A little Proof-Of-Concept in Seam Hiding for Rennek.

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Ridire Firean

Sr Member
Hey @Rennek ! I wanted to eloborate (a little anyway, this isn't a full on tutorial) on how to hide a seam between two TCSS parts.

Again, after clocking your two parts by sanding the female side down, you can begin to diminish the appearance of the seam by sanding over it until you are far enough down in the diameter of the two parts that most of the finishing/deburing bevel has been removed. The bevel is what really makes the seam evident. I wish the parts came with crazy sharp edges and a warning label instead, but oh well.

Taking a look at.... two randomly assembled sets of TCSS parts ( Waves hand: FJK, these are not the pictures you're looking for. Waves hand: Move along. ;) )... I decided to tackle redoing a polish job and see how much I could hide the seam on one of the first randomly assemebled set of TCSS parts.

Here are the two RANDOMLY ASSEMBLED SETS OF TCSS PARTS...

Ridire Firean - Random TCSS Parts No1 -  001.jpg

Ridire Firean - Random TCSS Parts No2 -  001.jpg

Ridire Firean - Random TCSS Parts No1 -  002.jpg

Ridire Firean - Random TCSS Parts No2 -  002.jpg

Ridire Firean - Random TCSS Parts No1 -  003.jpg

Ridire Firean - Random TCSS Parts No2 -  003.jpg

Here is the first set of randomly assembled TCSS parts after Stage 0.5 ( I started with 100 grit sandpaper, but it wasn't cutting down the seam fast enough, not photographed) and after Stage 1 with 80 grit sandpaper. In this step you want to make the transition between the two parts as flat as you can. I sand down the length of the two joined parts, then at a diagonal one way, then across that at a diagonal the other way, then I wrap the sandpaper around the part and twist it in my hands over and over and over and over again moving slowly from one end (pink duct tape side) to the other end. It gives the parts a turned look. I separated the two parts, washed them with soap and water, dried them and reassembled them...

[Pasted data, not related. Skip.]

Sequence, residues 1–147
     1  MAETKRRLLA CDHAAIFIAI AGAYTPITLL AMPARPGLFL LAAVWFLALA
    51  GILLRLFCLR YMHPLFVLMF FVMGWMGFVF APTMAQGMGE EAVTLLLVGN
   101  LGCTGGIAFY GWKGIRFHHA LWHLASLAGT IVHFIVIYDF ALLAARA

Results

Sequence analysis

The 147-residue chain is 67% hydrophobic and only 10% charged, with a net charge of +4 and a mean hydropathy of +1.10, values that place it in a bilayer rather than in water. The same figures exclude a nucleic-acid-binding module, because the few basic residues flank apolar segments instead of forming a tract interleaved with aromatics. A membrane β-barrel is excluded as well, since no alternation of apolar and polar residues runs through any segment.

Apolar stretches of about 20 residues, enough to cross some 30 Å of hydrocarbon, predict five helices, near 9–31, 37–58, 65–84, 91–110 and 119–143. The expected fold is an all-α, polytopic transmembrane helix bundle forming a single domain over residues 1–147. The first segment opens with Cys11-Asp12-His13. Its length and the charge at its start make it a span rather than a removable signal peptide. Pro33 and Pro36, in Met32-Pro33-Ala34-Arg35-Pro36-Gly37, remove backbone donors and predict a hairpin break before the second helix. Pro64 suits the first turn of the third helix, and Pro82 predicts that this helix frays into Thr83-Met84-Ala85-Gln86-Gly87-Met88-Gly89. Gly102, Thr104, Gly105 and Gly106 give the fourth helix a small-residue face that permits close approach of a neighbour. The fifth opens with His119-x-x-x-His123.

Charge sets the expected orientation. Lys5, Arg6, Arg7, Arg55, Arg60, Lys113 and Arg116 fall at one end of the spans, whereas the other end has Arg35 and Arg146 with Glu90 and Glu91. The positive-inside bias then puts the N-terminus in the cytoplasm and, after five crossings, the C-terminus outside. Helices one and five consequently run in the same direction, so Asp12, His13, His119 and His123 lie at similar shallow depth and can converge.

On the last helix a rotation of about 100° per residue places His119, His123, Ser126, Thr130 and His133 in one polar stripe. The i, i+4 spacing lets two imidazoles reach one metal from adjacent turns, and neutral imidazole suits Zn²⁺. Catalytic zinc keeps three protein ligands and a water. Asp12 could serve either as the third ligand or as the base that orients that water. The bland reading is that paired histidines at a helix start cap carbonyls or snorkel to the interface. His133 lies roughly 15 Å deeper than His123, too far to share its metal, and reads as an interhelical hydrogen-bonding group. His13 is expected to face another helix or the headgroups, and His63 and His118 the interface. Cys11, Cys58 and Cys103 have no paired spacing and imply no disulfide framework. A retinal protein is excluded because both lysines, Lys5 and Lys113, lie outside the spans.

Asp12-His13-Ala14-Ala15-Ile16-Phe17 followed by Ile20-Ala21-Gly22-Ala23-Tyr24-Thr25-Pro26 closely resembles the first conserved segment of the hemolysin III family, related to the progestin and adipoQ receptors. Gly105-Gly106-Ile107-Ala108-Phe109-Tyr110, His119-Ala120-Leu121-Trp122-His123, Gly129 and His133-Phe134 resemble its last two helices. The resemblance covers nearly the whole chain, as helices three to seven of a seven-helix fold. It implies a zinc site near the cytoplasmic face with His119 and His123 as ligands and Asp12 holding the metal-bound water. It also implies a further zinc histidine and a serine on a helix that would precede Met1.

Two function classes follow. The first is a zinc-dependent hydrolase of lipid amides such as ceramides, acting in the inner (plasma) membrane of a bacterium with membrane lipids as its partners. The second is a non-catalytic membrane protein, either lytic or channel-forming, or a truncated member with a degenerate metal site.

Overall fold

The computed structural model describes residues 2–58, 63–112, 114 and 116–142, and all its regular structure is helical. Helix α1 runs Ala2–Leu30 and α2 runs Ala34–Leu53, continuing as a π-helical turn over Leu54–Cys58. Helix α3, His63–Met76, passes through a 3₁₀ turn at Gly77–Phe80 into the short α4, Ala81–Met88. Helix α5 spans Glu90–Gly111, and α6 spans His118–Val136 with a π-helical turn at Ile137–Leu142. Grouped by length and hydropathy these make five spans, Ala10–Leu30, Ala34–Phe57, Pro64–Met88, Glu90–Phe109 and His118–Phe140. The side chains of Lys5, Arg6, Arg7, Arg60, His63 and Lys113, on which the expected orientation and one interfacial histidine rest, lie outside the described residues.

Ridire Firean - Random TCSS Parts No1 -  004.jpg

Ridire Firean - Random TCSS Parts No1 -  005.jpg

After stage 2, this time with 100 grit sandpaper, the two parts begin to look like you didn't make a mistake by going crazy with that 80 grit paper in Stage 1. I followed the same sanding procedure as in Stage 1, including the wash/dry before the pics. Here are the results...

Ridire Firean - Random TCSS Parts No1 -  006.jpg

Ridire Firean - Random TCSS Parts No1 -  007.jpg

Stage 3 was completed with 320 grit wet, wet/dry sandpaper. The same sanding procedure was used as in Stage 1 and Stage 2, with the addition of a circular clockwise, then counter-clockwise sanding motion up and down and around the piece to remove the deeper sanding marks missed in Stage 2. Then I sanded down the length of the piece a second time , then wrapped the piece and twist sanded it again, then washed and dried before the pics...

Ridire Firean - Random TCSS Parts No1 -  008.jpg

Ridire Firean - Random TCSS Parts No1 -  009.jpg

Moving right along to Stage 4, I sanded the two joined parts with wet 600 grit wet/dry sandpaper following the procedure in Stage 3 including the wash/dry...

Ridire Firean - Random TCSS Parts No1 -  010.jpg

Ridire Firean - Random TCSS Parts No1 -  011.jpg

In Stage 5 I used wet 1200 grit wet/dry sandpaper, then disassembled, washed and dried yet again before reassembling for the photos...

Ridire Firean - Random TCSS Parts No1 -  012.jpg

Ridire Firean - Random TCSS Parts No1 -  013.jpg

Here's the piece after Stage 6 in which I used wet 2000 grit wet/dry sandpaper, washed them separately, dried them, reassembled them and took the pics...

Ridire Firean - Random TCSS Parts No1 -  014.jpg

Ridire Firean - Random TCSS Parts No1 -  015.jpg

Geez, posting all this is almost as much work as sanding was yesterday! O.K. Stage 7, the first polish...

Ridire Firean - Random TCSS Parts No1 -  016.jpg

Ridire Firean - Random TCSS Parts No1 -  017.jpg

Ridire Firean - Random TCSS Parts No1 -  018.jpg

Ridire Firean - Random TCSS Parts No1 -  019.jpg

Since my final polishing heads were old and dirty, it had left lines in the piece that weren't attractive, so took out some copper polish and went at it with a rag. After that didn't work, I tried a little car polish and wax. Still not satisfied with the outcome, I Then I tried a different dirty old final polishing head and it produced a finer finish. I guess that makes this Stage 8 and 9...

Ridire Firean - Random TCSS Parts No1 -  020.jpg

Ridire Firean - Random TCSS Parts No1 -  021.jpg

Ridire Firean - Random TCSS Parts No1 -  022.jpg

And there you have it. That's about as close to a disappearing seam line as I can get with these parts.

I hope this helps you! Good Luck on your seam!
 

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